Last year in July, a bacteria called Mycoplasma Bovis was spotted in New Zealand, for the first time. This smallest living cell of nature can cause cows to develop a number of diseases including mastitis, arthritis and pneumonia among others. The administration and those regulating food industry have now decided to kill all cows at any firm where the bacteria was spotted.
This might result in healthy cows being killed as well, but is being considered a safety measure right now. While some of the slaughtered cows can be moved to processing plants and sold as beef, rest will have to be buried or dumped at legit landfills.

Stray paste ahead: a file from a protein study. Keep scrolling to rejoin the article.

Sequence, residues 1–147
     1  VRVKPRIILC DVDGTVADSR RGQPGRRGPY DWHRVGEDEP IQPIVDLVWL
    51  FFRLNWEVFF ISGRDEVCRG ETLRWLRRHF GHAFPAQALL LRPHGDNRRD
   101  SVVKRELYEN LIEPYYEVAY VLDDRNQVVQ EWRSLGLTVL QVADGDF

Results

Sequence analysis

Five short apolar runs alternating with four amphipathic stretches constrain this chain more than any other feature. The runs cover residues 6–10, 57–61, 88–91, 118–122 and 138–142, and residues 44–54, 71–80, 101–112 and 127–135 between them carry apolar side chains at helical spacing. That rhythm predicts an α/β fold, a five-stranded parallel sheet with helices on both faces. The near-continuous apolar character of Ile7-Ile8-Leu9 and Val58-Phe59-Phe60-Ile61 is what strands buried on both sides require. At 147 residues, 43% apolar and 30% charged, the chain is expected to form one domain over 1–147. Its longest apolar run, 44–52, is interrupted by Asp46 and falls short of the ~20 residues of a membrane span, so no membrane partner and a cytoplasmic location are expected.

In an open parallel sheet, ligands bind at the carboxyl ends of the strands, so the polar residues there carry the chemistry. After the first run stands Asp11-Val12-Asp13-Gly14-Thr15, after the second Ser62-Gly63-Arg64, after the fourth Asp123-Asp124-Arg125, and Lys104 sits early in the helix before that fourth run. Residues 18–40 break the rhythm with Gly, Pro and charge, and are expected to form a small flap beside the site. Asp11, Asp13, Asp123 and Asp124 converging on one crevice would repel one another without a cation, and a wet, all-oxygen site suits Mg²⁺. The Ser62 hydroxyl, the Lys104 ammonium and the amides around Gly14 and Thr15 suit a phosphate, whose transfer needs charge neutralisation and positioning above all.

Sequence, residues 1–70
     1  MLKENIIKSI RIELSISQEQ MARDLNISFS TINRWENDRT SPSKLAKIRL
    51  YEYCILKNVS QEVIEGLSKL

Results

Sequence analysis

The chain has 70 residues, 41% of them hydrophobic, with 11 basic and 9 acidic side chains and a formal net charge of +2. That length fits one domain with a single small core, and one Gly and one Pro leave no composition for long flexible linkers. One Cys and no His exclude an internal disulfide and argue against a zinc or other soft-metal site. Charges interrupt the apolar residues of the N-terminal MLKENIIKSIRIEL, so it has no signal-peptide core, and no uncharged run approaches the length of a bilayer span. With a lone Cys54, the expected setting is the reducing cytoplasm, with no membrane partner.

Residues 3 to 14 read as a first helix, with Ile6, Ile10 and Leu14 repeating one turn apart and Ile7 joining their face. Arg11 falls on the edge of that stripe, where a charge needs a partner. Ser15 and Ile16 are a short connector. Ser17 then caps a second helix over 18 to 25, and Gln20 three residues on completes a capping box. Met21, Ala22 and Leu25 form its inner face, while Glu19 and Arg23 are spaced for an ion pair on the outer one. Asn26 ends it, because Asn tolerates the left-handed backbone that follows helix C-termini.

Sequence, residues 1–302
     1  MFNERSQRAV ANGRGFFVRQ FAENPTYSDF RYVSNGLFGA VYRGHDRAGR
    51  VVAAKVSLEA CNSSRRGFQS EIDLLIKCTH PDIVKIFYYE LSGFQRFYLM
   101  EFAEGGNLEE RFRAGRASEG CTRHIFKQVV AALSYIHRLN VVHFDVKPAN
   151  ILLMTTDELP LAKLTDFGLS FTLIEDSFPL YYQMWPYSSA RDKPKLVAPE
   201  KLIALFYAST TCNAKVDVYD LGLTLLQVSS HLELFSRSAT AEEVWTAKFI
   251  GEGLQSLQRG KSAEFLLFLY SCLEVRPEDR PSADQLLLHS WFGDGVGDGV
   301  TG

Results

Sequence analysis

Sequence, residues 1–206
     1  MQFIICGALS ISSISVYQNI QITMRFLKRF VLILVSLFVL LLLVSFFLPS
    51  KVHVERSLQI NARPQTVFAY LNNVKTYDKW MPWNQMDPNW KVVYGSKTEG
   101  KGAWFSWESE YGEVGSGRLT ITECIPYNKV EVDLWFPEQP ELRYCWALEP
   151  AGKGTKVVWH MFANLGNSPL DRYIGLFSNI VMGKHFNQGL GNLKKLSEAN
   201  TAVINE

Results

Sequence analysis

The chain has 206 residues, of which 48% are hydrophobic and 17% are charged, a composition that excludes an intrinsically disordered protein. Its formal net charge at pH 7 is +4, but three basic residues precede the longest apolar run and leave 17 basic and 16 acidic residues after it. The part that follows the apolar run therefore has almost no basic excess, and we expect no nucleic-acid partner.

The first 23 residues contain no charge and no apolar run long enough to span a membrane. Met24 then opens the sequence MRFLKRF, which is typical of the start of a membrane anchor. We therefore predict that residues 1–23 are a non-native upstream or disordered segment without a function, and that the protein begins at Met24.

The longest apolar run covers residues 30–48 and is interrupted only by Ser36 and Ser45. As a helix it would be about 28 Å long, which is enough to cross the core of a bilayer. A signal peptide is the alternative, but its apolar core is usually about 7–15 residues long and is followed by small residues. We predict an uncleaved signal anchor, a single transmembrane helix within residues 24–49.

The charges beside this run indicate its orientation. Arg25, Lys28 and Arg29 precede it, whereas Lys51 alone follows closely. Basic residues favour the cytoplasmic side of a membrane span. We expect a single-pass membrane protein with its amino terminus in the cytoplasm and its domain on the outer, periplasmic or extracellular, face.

If this very expensive operation succeeds, an infected country will successfully get rid of Mycoplasma Bovis, claim the officials.
“This is a tough time, and the pain and anguish they’re going to go through is really hideous. And we have to support them as neighbors, community members, farmers, friends," said Katie Milne, the national president of Federated Farmers.
Farming is an integral part of New Zealand's economy. A major portion of the exported goods comes from farming, and also is the largest section of the country's tradable economy. Home to around 10 million cows which is a number higher than its human population, the country's administration is strictest at dealing with diseases that might hamper its cattle wealth!